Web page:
Celeste PetersonLife isn’t always fair, even on the cellular level. Over millions of years, living organisms have learned this lesson the hard way. When food is scarce, many living cells enter a state of dormancy to await better conditions.

Celeste Peterson (pictured), an assistant professor of biology, has received a prestigious grant from the Research Corporation for Science Advancement (RCSA) to investigate the biochemical pathways leading from cell starvation to dormancy.

Keys to Survival

Understanding this process is important because cell dormancy often enables resistance to environmental stresses – including attacks by a larger organism’s immune system, as well as such modern “stresses” as antibiotic treatment. Peterson will focus on the regulation and degradation of an enzyme found in bacteria that degrades the regulator of the dormant state.

“When nutrients are abundant, the regulator of the dormant state is rapidly destroyed by the enzyme.” Peterson explained. “When nutrients are scarce, degradation ceases, allowing the cells to enter a state of dormancy and promote survival under stressful conditions.”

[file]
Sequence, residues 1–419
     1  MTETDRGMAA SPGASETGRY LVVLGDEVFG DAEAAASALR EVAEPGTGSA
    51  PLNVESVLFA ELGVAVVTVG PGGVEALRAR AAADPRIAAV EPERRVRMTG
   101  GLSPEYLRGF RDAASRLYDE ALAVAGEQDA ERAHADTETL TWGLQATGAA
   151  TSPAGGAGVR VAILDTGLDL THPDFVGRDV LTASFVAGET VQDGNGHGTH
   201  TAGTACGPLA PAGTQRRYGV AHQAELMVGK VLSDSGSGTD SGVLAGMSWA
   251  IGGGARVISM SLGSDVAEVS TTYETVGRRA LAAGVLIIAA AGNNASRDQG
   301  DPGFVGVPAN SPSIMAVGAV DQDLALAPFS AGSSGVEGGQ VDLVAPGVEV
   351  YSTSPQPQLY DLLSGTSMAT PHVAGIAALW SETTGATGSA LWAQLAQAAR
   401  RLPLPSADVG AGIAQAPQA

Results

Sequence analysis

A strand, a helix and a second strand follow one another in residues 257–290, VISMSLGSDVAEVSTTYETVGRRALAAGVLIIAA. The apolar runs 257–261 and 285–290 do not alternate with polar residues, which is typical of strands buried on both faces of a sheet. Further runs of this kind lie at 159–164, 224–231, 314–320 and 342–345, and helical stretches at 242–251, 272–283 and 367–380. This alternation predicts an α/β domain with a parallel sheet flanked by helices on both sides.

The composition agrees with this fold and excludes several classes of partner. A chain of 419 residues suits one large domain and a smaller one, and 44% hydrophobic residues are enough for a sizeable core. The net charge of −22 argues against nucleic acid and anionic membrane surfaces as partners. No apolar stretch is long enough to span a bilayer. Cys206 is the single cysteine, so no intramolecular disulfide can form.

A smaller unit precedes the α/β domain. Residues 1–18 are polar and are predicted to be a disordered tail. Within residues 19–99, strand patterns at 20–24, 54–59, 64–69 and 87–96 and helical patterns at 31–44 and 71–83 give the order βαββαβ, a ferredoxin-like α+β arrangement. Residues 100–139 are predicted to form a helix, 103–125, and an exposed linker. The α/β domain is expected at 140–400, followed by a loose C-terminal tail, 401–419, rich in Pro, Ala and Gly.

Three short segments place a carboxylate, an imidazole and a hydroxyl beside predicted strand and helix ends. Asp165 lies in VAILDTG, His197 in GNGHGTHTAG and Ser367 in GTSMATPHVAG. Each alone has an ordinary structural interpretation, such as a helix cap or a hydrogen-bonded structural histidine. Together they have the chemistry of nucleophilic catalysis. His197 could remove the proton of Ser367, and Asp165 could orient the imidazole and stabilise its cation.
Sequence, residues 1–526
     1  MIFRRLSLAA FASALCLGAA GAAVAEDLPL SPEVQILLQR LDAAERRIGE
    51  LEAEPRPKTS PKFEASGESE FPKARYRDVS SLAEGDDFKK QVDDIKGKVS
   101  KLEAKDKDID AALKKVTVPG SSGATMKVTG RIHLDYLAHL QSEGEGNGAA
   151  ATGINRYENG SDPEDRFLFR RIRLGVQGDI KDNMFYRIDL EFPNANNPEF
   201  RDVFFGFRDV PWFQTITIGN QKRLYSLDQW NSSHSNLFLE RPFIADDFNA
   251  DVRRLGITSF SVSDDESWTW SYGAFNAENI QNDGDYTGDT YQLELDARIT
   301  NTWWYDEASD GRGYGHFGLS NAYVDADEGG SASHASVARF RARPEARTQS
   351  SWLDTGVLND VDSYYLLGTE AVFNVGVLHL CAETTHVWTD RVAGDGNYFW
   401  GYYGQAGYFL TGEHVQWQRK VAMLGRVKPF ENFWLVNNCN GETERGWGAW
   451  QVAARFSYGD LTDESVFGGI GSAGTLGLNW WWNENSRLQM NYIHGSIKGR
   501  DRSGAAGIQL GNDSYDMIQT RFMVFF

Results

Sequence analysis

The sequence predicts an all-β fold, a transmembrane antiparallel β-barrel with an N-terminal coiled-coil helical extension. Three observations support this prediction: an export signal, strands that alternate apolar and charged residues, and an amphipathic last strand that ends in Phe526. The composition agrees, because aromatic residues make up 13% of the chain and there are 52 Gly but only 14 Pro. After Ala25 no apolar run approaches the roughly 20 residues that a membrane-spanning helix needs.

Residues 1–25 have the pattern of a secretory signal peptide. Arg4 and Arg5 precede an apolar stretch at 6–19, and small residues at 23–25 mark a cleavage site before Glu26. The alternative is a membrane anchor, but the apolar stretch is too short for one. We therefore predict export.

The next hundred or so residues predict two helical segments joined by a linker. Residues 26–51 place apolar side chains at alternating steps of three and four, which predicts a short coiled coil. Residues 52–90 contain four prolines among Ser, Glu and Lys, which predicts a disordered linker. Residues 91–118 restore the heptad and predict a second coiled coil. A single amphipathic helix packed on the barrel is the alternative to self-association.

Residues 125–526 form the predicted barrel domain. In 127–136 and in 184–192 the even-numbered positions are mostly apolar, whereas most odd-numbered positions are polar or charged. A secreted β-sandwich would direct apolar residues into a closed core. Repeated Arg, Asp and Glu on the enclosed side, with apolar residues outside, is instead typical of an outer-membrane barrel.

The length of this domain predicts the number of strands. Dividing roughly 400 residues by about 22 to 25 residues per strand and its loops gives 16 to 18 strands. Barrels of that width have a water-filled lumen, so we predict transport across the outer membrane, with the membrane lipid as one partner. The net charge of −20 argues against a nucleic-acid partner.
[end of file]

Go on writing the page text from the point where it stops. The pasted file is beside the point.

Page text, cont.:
The RCSA grants are intended to encourage young professors to pursue their research, while promoting lab research as a vital component of students’ undergraduate education.

Students in the Lab

Students will work side-by-side in the lab with Peterson in the summers. They will work to understand how altering nutrient conditions and the ability of the cell to consume its main energy currency, ATP, can lead to a change in degradation.

“I enjoy working closely with the students, trouble-shooting experiments, analyzing results, and coming up with novels ideas together,” Peterson said. “Oftentimes the students will have a completely new perspective on the science and ask fresh questions about our experiments.”

The students, in turn, will learn state-of-the-art laboratory skills that will prepare them for future opportunities in the biotechnology field and graduate school.

Life Sciences Initiative

This grant and Peterson’s research are part of a broader Life Sciences initiative at Suffolk. This initiative will provide further support for the study of the life sciences, as well as more opportunities for internships and post-graduate career placement, and includes the science classrooms in the new 20 Somerset building. Peterson and her students will continue their research and discovery in the new building when it opens in the fall of 2015.